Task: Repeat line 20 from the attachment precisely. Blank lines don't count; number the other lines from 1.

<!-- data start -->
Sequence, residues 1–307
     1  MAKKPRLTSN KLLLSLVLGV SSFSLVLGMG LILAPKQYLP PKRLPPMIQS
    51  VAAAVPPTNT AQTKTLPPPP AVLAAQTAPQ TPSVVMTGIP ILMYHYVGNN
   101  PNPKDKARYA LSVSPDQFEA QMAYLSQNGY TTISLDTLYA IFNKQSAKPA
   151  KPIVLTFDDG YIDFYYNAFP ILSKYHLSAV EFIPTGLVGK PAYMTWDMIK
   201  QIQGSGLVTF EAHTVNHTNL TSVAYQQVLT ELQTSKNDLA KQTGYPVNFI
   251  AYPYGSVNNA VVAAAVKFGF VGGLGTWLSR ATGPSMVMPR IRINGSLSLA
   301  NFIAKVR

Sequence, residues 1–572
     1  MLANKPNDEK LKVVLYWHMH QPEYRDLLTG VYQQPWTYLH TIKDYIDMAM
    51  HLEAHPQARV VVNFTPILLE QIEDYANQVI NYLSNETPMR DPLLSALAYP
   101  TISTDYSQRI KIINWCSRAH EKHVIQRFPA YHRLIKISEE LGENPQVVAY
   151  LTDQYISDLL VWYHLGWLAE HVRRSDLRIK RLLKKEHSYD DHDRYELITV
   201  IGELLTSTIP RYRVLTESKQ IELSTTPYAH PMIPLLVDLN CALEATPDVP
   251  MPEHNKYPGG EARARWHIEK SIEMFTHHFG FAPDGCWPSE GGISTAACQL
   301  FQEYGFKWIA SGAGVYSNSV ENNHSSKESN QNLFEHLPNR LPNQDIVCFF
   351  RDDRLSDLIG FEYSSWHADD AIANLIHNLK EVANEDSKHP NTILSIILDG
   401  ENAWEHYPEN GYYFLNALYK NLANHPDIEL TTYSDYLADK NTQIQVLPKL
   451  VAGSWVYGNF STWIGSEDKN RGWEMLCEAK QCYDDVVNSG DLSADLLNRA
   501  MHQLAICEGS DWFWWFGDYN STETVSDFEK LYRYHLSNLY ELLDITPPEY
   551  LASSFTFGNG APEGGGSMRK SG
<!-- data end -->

   501  MHQLAICEGS DWFWWFGDYN STETVSDFEK LYRYHLSNLY ELLDITPPEY